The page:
WASHINGTON — The Senate passed legislation Thursday calling for more reconstruction aid for Afghanistan and urging President Bush to push to expand the mandate of international security troops now restricted to Kabul, the capital.
The House still must act on the bill to send it to Bush as Congress works to complete a lame-duck session.
The Senate passed by a voice vote the measure that calls for $2.3 billion over four years in reconstruction funds for the war-ravaged country.
Legislation that would provide reconstruction funds stalled in this session along with most of the rest of the federal budget. Congress is not expected to pass a foreign aid spending bill until next year.
Still, Senate Foreign Relations Committee Chairman Joseph R. Biden Jr. (D-Del.), said the bill "sends a signal that the United States plans to keep the commitment it made a year ago to help create a stable, peaceful Afghanistan."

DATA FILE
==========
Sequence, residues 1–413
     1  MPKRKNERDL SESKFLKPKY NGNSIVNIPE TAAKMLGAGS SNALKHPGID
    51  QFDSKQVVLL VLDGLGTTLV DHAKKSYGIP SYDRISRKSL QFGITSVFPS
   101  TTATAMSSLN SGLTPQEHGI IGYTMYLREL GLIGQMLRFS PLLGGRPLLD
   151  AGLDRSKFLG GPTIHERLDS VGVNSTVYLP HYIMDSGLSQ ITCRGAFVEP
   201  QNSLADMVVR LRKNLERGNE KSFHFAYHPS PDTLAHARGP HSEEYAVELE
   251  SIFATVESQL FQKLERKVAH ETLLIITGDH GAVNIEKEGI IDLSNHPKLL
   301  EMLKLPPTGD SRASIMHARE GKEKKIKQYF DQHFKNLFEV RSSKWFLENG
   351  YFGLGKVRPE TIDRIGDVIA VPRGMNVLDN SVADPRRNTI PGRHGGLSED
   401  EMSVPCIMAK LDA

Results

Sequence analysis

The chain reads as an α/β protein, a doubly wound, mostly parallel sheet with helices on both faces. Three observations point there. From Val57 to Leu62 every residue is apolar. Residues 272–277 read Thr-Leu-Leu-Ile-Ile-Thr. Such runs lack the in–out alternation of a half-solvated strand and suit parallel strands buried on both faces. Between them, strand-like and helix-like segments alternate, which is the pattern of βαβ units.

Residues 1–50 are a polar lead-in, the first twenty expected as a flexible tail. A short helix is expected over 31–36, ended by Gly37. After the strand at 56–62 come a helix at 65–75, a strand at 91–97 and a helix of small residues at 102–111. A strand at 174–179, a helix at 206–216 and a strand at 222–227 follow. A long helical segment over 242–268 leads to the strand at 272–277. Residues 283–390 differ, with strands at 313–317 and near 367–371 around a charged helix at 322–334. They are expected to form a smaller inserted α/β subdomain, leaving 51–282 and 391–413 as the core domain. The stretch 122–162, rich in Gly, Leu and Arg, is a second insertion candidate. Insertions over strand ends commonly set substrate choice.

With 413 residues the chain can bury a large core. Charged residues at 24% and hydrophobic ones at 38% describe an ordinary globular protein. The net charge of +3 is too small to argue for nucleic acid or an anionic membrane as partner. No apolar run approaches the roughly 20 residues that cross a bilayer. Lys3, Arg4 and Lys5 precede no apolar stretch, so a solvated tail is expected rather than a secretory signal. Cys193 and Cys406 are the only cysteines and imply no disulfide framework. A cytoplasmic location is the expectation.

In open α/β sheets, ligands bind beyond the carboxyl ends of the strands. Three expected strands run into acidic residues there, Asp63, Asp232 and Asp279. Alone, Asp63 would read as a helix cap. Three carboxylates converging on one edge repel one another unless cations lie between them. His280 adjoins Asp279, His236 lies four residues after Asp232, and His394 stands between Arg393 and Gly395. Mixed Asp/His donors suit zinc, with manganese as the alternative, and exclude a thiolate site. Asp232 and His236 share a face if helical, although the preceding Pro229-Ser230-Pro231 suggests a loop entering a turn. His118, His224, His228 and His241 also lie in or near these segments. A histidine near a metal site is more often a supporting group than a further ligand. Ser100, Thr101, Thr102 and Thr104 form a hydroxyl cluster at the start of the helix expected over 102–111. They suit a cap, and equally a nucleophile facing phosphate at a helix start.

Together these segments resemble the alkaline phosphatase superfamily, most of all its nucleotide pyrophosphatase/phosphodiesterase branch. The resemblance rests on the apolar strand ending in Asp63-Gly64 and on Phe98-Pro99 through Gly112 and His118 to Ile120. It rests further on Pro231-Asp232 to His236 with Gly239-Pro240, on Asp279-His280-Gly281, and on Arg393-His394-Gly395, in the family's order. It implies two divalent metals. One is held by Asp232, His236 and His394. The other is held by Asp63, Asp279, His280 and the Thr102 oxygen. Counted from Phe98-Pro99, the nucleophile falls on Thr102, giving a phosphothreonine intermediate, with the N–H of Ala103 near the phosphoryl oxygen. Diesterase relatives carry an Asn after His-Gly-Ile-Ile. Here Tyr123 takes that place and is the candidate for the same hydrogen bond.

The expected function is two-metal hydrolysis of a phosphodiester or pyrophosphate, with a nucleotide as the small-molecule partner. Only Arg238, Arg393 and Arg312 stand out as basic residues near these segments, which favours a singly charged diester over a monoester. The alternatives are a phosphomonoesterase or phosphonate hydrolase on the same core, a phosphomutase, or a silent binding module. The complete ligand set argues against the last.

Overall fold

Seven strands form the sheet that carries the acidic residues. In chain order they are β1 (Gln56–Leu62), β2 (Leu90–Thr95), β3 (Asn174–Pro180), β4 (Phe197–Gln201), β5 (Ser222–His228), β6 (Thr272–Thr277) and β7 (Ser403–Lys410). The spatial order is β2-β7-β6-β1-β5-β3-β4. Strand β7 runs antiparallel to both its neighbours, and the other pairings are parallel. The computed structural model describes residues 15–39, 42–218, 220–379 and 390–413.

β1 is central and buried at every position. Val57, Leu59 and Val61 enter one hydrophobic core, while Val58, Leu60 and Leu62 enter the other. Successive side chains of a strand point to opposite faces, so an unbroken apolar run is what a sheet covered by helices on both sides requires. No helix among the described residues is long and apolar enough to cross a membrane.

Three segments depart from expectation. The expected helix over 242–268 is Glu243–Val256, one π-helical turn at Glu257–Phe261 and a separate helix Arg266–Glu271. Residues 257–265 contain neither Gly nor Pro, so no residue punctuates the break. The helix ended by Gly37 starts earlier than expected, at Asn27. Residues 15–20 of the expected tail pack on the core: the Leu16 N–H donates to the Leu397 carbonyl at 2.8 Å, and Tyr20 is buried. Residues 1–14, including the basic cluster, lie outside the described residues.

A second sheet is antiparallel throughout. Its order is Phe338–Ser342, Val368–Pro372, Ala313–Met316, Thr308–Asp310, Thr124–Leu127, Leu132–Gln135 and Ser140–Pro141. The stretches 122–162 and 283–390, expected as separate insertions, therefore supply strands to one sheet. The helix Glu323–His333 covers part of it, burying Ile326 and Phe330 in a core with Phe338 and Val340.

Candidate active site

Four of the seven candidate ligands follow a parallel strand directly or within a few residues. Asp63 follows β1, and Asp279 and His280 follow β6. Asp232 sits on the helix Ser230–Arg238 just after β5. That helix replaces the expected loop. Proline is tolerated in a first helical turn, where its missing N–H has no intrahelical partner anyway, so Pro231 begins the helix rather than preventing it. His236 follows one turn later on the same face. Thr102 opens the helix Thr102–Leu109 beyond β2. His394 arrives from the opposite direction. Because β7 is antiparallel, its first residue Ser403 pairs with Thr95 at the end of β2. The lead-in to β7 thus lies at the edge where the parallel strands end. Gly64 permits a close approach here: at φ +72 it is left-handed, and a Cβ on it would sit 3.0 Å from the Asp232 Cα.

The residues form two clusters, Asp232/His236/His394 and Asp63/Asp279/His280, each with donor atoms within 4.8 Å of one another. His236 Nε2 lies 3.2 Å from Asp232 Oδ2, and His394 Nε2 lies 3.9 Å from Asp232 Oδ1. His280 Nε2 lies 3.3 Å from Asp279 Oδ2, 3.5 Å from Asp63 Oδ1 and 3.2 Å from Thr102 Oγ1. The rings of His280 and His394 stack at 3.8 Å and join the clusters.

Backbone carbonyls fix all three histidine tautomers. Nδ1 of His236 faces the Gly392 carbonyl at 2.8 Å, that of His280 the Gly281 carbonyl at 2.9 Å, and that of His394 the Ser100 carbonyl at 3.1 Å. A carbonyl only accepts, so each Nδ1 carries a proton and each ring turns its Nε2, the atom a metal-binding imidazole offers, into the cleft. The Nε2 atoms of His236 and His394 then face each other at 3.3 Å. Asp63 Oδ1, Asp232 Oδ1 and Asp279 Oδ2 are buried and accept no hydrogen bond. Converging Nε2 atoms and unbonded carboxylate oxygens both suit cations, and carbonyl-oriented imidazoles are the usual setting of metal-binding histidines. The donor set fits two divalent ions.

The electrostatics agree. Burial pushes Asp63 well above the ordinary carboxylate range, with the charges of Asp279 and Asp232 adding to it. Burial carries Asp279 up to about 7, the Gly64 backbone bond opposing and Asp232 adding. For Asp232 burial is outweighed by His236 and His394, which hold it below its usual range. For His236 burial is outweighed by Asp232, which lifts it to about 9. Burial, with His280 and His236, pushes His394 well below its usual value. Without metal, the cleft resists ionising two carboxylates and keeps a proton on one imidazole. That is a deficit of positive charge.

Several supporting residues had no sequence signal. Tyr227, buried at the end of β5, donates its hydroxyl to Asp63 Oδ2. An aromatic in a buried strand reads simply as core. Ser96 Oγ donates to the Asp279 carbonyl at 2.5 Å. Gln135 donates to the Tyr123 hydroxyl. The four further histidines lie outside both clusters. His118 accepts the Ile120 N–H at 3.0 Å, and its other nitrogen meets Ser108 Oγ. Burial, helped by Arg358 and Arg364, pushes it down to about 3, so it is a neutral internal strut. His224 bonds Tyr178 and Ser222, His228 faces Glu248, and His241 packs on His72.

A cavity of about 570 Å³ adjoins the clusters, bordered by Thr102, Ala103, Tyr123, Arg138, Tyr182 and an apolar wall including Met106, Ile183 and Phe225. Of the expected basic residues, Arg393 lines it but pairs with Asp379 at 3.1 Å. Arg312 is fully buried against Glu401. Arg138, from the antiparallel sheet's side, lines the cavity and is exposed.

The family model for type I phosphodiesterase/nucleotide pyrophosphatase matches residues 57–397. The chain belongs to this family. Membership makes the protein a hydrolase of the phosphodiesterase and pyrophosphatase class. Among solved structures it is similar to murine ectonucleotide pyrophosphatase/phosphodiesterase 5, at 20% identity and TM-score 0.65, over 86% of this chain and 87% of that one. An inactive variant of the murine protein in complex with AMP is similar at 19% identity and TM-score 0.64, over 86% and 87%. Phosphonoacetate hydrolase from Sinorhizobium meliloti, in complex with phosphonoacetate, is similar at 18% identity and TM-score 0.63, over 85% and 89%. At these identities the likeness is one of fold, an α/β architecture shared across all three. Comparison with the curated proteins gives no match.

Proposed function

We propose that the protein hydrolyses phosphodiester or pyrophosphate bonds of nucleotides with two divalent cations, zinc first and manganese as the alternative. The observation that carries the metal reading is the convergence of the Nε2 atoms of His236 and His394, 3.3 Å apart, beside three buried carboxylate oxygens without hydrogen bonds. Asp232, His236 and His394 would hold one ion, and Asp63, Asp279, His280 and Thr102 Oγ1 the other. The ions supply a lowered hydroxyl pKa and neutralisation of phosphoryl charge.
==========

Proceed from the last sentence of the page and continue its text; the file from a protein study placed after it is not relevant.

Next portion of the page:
The bill urges Bush to "use U.S. diplomatic influence" to expand the International Security Assistance Force or a similar international force beyond its current assignment in Kabul and to enlist U.S. allies to provide forces for the expansion.
The U.S. has about 7,000 troops in Afghanistan, but they mainly are focused on searching for Taliban and Al Qaeda fighters. The administration says it cannot divert troops for peacekeeping operation.
In a statement, Biden said evidence of U.S. and international commitment to Afghanistan was especially important "amid discussion of possible military intervention in Iraq. We need to show that in thinking these scenarios through, we are serious about the long run."